Mettenberger is not alone in that endeavor to improve. Right before spring practice began, Miles brought in Cam Cameron as quarterbacks coach and offensive coordinator – the fifth person to hold that position in Miles’ eight-year tenure at LSU – with hopes of adding a more potent passing attack element to the offense.
“Knowing him as a mentor to quarterback play, we’re looking forward to this offense,” Miles says of Cameron. “I think he likes to throw the ball down the field extremely well. I think those things you’ll see as this offense goes forward.”
Cameron comes to Baton Rouge with a wealth of experience working with both quarterbacks in college as well as the NFL. Miles knows him well from Michigan, where from 1987 to 1993 they both worked under legendary head coach Bo Schembechler.
Cameron says his first view of Mettenberger showed him what pretty much every LSU fan expects – a championship-caliber playmaker.
“He’s an extremely hard worker and that’s critical to be a great quarterback,” Cameron says. “He’s extremely tough mentally and physically. He’s got the respect of the football team. I want to help him build on the good things he’s been doing. I like what I see.”
So far, that feeling is mutual.
“[Cameron’s] teachings have definitely been something that I can get a grasp on and learn from,” explains Mettenberger. “Just knowing his pedigree and the guys that he has worked with, it makes you pay attention and learn everything you can from the guy. I only got six months left with him so I’m going to try and learn as much as possible.”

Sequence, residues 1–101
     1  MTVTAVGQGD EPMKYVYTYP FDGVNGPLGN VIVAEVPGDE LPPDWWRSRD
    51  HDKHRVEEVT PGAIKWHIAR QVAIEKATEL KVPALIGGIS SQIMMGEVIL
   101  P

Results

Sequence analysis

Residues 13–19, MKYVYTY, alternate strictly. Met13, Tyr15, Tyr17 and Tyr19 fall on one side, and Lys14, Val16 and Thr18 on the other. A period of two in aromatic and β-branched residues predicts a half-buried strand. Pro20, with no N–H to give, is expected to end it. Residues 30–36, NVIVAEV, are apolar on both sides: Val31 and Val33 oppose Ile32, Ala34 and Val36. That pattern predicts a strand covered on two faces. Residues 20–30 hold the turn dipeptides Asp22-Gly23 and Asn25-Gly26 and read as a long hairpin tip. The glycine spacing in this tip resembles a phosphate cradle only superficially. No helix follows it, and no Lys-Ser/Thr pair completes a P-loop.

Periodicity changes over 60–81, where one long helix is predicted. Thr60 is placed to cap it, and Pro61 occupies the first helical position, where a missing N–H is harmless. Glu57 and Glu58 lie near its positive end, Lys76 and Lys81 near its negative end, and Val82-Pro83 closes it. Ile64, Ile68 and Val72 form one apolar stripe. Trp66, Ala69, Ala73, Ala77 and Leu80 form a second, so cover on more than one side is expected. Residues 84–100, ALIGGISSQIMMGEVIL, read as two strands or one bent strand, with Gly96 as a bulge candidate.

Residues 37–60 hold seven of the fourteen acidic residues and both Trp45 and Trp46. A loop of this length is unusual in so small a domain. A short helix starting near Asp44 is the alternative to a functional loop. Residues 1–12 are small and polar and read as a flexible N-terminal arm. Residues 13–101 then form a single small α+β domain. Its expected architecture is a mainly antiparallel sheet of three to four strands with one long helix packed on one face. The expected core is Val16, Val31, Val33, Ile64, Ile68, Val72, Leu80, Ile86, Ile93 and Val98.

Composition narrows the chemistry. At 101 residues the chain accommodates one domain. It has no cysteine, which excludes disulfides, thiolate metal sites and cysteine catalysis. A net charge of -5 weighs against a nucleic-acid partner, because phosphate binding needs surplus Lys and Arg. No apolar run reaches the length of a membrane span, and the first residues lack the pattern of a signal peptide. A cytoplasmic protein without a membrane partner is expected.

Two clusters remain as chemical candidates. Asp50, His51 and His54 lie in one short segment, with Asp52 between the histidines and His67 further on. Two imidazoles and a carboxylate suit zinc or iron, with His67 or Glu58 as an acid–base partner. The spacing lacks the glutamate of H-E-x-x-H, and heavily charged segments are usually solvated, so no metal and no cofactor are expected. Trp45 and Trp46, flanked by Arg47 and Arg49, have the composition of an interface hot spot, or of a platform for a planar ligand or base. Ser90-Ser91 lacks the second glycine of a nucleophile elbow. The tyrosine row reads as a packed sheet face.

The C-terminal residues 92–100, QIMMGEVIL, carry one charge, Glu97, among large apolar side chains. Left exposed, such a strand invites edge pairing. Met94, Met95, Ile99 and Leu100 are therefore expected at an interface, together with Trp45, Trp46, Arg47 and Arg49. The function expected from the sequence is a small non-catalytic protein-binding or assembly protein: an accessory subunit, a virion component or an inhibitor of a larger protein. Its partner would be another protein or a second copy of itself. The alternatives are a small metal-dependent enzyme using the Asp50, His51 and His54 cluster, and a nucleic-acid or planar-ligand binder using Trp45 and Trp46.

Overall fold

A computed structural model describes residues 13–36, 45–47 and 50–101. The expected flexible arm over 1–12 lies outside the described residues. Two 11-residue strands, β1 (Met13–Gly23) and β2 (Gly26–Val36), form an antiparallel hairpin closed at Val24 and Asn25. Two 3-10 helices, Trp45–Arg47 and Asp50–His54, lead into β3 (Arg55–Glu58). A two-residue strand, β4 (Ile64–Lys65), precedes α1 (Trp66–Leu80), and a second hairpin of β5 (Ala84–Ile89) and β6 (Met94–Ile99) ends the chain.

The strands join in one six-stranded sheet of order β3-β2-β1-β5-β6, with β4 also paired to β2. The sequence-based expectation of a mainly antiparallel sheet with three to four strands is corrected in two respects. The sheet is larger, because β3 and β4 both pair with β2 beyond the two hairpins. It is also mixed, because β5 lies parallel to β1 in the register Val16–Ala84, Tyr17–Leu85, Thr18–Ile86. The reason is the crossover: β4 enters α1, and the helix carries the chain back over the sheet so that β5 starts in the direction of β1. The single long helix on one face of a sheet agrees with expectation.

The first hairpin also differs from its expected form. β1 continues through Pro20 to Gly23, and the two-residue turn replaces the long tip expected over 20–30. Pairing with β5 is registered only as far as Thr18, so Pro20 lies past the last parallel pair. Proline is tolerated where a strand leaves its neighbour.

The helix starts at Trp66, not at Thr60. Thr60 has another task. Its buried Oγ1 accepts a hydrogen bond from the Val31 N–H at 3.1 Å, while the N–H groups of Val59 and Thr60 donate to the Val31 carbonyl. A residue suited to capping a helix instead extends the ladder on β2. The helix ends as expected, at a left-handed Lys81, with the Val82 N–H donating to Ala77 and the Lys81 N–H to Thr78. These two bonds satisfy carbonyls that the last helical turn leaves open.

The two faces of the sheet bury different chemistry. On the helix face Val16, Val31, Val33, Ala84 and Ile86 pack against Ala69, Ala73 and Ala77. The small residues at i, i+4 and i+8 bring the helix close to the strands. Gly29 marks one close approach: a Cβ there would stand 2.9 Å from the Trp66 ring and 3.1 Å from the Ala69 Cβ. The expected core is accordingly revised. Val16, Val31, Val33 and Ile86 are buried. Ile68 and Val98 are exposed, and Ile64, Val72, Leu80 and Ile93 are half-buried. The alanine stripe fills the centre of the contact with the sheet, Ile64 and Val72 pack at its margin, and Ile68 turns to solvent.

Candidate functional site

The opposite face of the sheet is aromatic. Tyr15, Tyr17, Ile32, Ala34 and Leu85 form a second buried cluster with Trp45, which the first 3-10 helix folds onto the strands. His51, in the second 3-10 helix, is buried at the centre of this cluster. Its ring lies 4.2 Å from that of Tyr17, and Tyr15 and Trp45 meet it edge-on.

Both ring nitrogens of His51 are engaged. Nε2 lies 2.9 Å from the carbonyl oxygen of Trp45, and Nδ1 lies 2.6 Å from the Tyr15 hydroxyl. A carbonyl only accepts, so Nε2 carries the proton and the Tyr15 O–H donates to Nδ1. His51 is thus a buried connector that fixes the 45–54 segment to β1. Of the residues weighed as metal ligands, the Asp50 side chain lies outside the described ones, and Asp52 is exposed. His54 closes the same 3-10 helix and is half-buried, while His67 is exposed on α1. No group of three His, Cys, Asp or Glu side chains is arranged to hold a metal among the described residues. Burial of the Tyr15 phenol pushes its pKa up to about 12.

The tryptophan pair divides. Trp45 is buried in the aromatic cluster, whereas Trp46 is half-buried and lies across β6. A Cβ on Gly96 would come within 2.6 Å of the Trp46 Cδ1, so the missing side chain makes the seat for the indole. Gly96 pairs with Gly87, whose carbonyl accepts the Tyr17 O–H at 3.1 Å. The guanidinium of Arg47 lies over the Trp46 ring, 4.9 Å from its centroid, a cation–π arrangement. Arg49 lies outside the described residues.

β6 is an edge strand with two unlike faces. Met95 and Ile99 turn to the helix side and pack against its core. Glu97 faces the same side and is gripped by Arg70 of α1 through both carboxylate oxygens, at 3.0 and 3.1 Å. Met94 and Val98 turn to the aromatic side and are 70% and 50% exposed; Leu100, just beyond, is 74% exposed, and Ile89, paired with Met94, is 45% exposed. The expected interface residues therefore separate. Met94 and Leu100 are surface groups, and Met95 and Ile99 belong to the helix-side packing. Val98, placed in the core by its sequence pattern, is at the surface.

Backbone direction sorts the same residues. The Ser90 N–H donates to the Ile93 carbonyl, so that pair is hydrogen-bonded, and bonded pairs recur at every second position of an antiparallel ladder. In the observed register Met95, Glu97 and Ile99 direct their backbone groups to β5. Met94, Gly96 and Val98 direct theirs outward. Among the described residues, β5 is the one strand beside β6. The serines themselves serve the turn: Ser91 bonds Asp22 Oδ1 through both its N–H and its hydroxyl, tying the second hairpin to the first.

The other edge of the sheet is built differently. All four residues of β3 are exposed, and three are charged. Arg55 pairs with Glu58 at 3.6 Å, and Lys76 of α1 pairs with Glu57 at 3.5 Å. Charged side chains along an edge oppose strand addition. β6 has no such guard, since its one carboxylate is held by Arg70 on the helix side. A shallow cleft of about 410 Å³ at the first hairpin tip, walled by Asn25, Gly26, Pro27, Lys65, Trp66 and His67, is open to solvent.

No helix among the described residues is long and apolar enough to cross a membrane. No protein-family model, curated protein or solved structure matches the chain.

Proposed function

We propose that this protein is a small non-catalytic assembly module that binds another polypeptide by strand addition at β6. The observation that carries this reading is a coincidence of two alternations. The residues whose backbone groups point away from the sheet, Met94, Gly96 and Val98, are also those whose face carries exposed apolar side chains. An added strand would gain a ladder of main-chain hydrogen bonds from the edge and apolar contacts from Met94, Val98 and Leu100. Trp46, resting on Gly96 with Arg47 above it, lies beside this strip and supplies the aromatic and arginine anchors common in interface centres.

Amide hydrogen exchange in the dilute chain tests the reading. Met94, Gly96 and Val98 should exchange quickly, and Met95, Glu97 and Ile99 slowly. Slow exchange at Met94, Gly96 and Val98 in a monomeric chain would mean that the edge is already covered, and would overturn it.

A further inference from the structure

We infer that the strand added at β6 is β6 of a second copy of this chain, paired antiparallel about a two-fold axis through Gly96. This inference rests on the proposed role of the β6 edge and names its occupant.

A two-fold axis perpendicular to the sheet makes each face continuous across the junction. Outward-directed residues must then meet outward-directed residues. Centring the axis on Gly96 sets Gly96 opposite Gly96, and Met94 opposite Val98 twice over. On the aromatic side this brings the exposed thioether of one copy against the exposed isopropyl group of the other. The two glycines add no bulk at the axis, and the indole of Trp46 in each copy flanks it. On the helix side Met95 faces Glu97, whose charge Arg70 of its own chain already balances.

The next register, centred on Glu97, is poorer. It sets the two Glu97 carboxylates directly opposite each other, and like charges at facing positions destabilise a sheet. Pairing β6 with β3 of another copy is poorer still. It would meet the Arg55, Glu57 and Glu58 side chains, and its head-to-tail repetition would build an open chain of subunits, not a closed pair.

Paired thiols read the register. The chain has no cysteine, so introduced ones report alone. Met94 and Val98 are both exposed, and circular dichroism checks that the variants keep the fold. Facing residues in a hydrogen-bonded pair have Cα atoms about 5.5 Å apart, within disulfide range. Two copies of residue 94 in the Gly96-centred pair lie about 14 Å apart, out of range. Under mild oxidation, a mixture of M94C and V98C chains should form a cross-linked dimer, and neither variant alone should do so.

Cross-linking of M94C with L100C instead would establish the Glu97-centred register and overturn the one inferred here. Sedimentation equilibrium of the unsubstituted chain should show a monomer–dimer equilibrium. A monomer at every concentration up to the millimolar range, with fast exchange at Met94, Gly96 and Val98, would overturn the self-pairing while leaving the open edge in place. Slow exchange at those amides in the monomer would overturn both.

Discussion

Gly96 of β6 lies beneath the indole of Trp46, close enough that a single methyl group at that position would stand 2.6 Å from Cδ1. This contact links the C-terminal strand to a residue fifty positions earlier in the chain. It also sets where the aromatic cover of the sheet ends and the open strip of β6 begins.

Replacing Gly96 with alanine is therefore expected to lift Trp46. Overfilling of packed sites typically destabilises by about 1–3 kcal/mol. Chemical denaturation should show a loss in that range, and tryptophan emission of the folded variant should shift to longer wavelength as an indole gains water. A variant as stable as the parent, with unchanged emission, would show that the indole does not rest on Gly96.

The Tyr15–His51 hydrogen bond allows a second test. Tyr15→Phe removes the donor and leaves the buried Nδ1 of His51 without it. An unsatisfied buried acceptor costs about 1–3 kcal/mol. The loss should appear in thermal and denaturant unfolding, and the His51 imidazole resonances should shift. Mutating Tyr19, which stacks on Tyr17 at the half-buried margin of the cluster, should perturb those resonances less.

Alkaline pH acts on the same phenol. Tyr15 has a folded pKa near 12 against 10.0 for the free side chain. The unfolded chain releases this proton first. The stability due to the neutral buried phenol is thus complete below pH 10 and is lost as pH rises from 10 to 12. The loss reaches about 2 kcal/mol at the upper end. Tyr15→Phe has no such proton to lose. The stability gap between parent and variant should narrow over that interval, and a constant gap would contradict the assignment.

One thing that Cameron may not be able to help Mettenberger with is the potential for distraction when the Tigers travel to Athens, GA, on September 28 to take on Mark Richt and the Georgia Bulldogs.
Mettenberger was born in Watkinsville – a mere eight minutes away from UGA’s campus – and dreamed of playing for the Bulldogs from the time he was nine years old and realized he could throw a football pretty far.
That dream became a nightmare when Mettenberger – then a freshman competing with current UGA quarterback Aaron Murray for a starting job – was arrested for allegedly groping a girl in a bar. He pled guilty to two counts of misdemeanor sexual battery, and was dismissed from the Bulldogs.
This year will be the first time he sets foot in Sanford Stadium since the incident.
“They are going to boo the crap out of me, I might get a frickin’ brick thrown at me,” jokes Mettenberger, whose mother, Tammy, works at the UGA athletic department. “I always dreamed of playing between the hedges. Now, I will actually get that opportunity - just wearing purple and gold.”
Even with as much personal meaning as that Georgia game will have for Mettenberger, he knows that it is not the be-all-end-all for him. In fact, that trip to Athens is just the start of what will be a strenuous string of SEC match-ups, with LSU also traveling to Mississippi State and Ole Miss, and a visit from Florida in between. He can’t forget about Texas A&M and his first trip to Alabama, either.
The fact is, LSU may have the toughest schedule set up in the Southeastern Conference and if the Tigers are to push their streak of 10-win seasons to four straight years – and perhaps make a run at an SEC title – Mettenberger knows that his senior season has to be a big one.
The good news is that he has an idea of what to expect.
“I’m definitely more comfortable,” he said. “Last year, I had a lot of ups and downs in learning. I’ve learned a lot more getting comfortable with myself and with this team.”